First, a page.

September 2018
Volume 18, Issue 10
Open Access
Vision Sciences Society Annual Meeting Abstract  |   September 2018
Object size affects multiple object tracking performance (but not via frequency of close encounters)
Author Affiliations
  • Shanmukha Upadhyayula
    Department of Psychological & Brain Sciences, Johns Hopkins University
  • Jonathan Flombaum
    Department of Psychological & Brain Sciences, Johns Hopkins University
Journal of Vision September 2018, Vol.18, 1020. doi:10.1167/18.10.1020
  • Views
  • Share
  • Tools
    • Alerts
      This feature is available to authenticated users only.
      Sign In or Create an Account ×
    • Get Citation

      Shanmukha Upadhyayula, Jonathan Flombaum; Object size affects multiple object tracking performance (but not via frequency of close encounters). Journal of Vision 2018;18(10):1020. doi: 10.1167/18.10.1020.

      Download citation file:

      © ARVO (1962-2015); The Authors (2016-present)

  • Supplements

Multiple object tracking (MOT) is a useful paradigm for understanding the causes of performance limits in visual cognition. Among the several debates about the causes of performance limits in the task, one point of consensus is that the frequency with which objects approach close to one another —close encounters— is a primary factor. A corollary implication is that display factors which increase encounter frequency should impair performance, as has been demonstrated, for example, in the cases of speed and trial duration. A feature that should have a similar effect is object size: in a fixed space larger objects should be near one another more frequently. Surprisingly object size has never been investigated as a factor that interacts with performance. We therefore manipulated object size in our experiments. Participants performed a standard MOT task: track and later identify targets among a set of featurally indistinguishable nontargets. In the experiments, we varied the sizes of the discs tracked, within participant, as well as speed and tracking load. But we observed that smaller objects were actually (and significantly) more difficult to track than larger ones. As a sanity check, we computed the frequency of close encounters as a function of size, finding that bigger items were indeed more likely to collide with one another. These results are important because they undermine the assumption that objects are tracked as though they are single points, an assumption that has been implemented in computational models of the task (including our own). We therefore propose an updated model, which incorporates object size in the uncertainty associated with tracking object positions.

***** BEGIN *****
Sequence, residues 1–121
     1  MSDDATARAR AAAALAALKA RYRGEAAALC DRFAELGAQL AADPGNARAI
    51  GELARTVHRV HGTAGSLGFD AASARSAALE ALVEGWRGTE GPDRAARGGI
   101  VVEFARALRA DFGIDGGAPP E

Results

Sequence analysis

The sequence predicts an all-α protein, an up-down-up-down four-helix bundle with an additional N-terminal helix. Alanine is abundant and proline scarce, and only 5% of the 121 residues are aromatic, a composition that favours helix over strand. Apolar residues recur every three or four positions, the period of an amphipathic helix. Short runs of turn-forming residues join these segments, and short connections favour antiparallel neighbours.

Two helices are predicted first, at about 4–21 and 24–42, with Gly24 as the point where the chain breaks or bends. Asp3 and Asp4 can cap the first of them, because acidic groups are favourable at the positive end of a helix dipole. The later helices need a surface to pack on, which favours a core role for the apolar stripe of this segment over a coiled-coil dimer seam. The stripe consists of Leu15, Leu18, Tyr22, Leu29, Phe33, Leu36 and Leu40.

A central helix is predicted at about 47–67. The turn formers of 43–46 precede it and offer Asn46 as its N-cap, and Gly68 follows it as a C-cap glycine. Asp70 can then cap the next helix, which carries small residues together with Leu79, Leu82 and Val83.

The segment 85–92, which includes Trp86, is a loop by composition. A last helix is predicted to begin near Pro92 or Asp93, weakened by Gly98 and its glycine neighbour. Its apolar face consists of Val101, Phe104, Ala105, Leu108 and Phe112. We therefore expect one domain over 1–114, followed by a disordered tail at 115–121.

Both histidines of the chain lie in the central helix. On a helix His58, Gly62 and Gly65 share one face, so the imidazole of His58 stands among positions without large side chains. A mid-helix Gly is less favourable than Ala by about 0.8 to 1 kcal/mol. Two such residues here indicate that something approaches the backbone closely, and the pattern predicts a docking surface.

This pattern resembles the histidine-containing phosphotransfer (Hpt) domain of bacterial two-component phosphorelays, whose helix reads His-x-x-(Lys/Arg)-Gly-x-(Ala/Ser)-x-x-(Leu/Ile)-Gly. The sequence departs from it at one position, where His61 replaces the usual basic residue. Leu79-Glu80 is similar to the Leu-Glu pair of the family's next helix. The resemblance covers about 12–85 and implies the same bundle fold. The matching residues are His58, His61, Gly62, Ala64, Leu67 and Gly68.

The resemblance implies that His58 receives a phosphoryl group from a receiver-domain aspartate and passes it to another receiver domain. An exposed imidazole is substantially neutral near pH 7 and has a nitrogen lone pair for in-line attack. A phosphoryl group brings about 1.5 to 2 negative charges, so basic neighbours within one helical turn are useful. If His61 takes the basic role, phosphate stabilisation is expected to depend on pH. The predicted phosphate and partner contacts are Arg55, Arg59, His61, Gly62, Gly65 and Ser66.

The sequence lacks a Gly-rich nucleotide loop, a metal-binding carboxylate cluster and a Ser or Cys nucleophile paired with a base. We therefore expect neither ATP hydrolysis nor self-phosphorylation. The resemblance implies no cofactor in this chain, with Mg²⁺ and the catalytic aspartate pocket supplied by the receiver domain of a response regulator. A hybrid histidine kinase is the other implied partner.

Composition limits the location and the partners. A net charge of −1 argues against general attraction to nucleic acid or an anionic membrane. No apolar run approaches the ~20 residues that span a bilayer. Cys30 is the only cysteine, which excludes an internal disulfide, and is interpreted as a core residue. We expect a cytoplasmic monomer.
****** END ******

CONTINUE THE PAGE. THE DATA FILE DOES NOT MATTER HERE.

Meeting abstract presented at VSS 2018


This PDF is available to Subscribers Only

Sign in or purchase a subscription to access this content. ×

You must be signed into an individual account to use this feature.